(First published in The Examiner 13 July 2021)
Would you take any notice of a fish farmer critiquing a novel? Hopefully not.
We would rightly question the skill set, experience, qualifications, and capacity of the fish farmer to offer such a critique. We might even be sufficiently uncharitable to question the ego and conceit at embarking on such an enterprise with the expectation of being taken seriously.
A fiction writer seeking to critique fish farming should be treated with similar disdain.
Yet our media entertains a fascination for the cult of celebrity, which sees actors who earn a living repeating other people’s lines and pretending to be someone else as having credibility on matters as diverse as forestry, climate, water, agriculture, and lately fish farming. The same goes for sportspeople, authors of fiction, film directors – insert the celebrity type of your choice.
Like all of us, they’re entitled to their opinion and express it. What is lacking is a close examination of the credibility to commentate on a particular topic.
One particular star sportsman came to Tasmania to tell us how to run our forest practices. When asked in a private conversation what he knew about the topic, who had briefed him, and how long had he been studying the topic, the responses were excruciatingly embarrassing. The media failed in asking any of those fundamental questions.
The same tactics which were employed against our truly sustainable and renewable hydro energy generation were transported to our world-leading forest operations. Today, the target is fish farming with a fiction writer leading the charge. Really? On what basis is he even reported? Sensationalism and clever use of words and phrases are his stock in trade, which makes for compelling fiction to draw us in which in turn sells his books. Taking the same approach to denigrate a Tasmanian icon – our salmon – does a huge disservice to Tasmania.
Let’s get a few things into perspective. If all our fish cages were to be put together, we would be using one square kilometre of Tasmanian waters. In comparison, Tasmania is 68,401 km² in size.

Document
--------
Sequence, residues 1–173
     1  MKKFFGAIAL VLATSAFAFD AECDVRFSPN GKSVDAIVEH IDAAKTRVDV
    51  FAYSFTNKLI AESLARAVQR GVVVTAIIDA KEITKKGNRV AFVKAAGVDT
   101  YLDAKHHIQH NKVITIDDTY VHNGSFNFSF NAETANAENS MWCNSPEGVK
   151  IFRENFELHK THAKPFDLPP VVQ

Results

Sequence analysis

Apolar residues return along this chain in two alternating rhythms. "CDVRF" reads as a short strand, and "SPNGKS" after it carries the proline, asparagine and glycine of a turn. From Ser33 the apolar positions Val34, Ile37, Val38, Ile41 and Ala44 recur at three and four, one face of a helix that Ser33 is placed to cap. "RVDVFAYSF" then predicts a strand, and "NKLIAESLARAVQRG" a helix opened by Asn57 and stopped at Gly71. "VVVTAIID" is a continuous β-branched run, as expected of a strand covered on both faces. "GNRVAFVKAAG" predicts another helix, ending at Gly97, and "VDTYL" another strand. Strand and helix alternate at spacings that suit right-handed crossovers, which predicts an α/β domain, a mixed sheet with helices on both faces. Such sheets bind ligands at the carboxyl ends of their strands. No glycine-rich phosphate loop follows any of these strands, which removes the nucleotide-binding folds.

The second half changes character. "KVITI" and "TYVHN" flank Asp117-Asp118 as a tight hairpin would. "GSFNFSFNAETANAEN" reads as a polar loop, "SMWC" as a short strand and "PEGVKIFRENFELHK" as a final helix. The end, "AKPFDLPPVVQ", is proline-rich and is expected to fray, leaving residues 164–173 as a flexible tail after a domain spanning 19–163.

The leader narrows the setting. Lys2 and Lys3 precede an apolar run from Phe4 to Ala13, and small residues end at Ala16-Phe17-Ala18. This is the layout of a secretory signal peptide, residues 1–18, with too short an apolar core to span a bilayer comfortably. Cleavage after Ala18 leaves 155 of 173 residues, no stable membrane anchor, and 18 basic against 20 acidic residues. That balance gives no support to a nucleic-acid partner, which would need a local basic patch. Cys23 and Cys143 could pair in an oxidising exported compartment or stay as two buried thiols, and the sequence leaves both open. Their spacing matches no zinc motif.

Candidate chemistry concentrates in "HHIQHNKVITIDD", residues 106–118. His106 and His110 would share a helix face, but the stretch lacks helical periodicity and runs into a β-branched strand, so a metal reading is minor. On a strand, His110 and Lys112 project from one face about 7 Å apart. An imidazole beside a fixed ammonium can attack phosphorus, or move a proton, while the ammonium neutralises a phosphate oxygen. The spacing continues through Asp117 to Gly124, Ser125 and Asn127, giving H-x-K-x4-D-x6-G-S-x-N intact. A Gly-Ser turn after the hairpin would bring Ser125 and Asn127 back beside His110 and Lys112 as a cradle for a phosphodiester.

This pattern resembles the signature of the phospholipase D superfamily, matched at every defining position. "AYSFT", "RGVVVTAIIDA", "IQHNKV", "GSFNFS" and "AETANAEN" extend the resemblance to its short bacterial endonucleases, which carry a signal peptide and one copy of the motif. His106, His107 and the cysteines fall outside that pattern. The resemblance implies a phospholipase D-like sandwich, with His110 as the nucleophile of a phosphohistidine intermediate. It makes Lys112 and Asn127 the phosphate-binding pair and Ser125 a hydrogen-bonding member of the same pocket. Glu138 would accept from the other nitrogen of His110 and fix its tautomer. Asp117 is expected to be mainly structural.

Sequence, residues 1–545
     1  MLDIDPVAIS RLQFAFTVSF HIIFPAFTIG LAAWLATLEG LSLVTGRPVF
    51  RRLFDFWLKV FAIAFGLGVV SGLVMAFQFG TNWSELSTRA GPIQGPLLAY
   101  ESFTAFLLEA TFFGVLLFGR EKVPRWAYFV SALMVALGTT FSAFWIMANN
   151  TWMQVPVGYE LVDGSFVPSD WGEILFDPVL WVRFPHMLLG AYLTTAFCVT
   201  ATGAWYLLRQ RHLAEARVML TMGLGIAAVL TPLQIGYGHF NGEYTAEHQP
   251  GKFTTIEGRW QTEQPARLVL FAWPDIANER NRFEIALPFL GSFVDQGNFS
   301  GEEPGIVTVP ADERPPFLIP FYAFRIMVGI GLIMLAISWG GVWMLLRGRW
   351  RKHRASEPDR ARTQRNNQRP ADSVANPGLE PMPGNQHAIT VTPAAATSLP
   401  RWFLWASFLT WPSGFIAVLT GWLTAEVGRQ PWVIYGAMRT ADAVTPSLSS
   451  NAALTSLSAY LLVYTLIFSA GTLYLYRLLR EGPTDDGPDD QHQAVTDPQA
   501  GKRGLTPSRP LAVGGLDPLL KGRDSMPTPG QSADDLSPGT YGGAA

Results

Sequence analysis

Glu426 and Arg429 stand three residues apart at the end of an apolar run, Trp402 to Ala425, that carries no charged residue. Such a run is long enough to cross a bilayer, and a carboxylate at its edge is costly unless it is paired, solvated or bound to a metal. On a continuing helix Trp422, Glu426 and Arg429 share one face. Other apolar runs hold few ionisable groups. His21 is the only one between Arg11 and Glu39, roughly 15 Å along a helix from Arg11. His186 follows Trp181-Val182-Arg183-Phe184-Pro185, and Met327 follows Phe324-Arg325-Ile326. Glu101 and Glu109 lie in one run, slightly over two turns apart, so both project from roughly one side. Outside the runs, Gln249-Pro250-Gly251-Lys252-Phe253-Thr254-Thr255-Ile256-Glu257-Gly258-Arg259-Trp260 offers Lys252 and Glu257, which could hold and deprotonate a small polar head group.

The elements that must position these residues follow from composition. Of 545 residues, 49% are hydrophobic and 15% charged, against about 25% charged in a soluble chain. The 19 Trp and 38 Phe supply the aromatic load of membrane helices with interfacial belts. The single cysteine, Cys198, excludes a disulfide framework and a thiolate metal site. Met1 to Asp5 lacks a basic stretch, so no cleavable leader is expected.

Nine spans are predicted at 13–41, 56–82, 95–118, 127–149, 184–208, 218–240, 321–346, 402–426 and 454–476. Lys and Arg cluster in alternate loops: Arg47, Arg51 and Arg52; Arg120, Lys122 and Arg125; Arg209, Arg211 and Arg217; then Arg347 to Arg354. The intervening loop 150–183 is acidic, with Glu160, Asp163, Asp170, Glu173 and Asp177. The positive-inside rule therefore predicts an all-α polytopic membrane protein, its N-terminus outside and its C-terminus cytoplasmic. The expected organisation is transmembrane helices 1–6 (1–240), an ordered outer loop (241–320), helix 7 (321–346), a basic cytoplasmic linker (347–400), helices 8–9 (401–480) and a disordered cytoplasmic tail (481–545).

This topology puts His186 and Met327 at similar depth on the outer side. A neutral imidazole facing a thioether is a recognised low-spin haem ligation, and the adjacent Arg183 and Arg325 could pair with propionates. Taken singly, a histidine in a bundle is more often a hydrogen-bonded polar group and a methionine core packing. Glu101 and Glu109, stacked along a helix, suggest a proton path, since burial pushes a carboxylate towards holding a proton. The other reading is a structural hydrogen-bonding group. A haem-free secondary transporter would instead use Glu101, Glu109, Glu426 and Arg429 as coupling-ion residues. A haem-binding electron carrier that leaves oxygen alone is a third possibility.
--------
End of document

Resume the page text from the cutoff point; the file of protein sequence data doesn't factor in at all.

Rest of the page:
As Emeritus Professor Colin Buxton of the Institute of Marine and Antarctic Studies (IMAS) has found after a lifetime of study and research, our salmon farming is recognised as being the best in the world.
Health experts encourage us to eat fish on a regular basis. Our wild fisheries cannot produce our requirements. So farming fish is the answer, as we do for eggs, meat, vegetables, fruits, and cereals.
Indeed, fish high in omega-3 fatty acids like salmon are extensively promoted by health experts to reduce the risk of cancer.
Yet our fiction writer seeks to scare with the exact opposite assertion, with selective quotations from the World Health Organisation (WHO) which does studies to establish the link between certain food types and cancer.
And yes, all sorts of foods are mentioned in various category ratings – bacon, alcohol, processed meats (Cat1 meaning cancer-causing), while red meats are in Category 2A suggesting they may be carcinogenic.
And guess what? Tellingly, salmon is not listed as a carcinogen by the WHO.
The good thing about writing fiction is you don’t have to tell the truth.
Given salmon is positively good for you, recourse is disingenuously had to how they are grown with reference to additives to their diet to keep the fish healthy.
Tested regularly, the fish abide by our high-quality standards.
For consistency, would our fiction writer denounce fluoridated toothpaste? Eat a teaspoon of fluoride and see what happens! Yet in small doses, it does help suppress decay.
Which reminds us all of the sensible approach to life – everything in moderation.
Sensible, moderated, informed, and balanced public discourse has never been the extremists’ way. It’s “no dams” – good luck getting water to drink. It’s “no forestry” – good luck reading the paper or building a house. And now it’s “no fish farms” – good luck preserving our wild fisheries and having an affordable balanced diet.
These extreme campaigns have never been in Tasmania’s best interests. They’ve destroyed Tasmanians’ jobs and our regional communities. Fish farming allows them to return.
What could be more Toxic than fiction writers turning their craft to destroying the jobs, hopes and aspirations of our fellow Tasmanians in our regions, which provides us with an affordable recommended health food and relieves pressure on our wild fisheries?
The over 2000 direct sustainable jobs provided by fish farming has breathed new life into our regional towns, their schools and community assets. Their payroll taxes pump literally millions of dollars into State coffers each year, which in turn is used for education, health, etc.
Being an integral part of regional communities, our fish farms sponsor and support local sports and charities as well.
We need to reject celebrity fiction in favour of facts.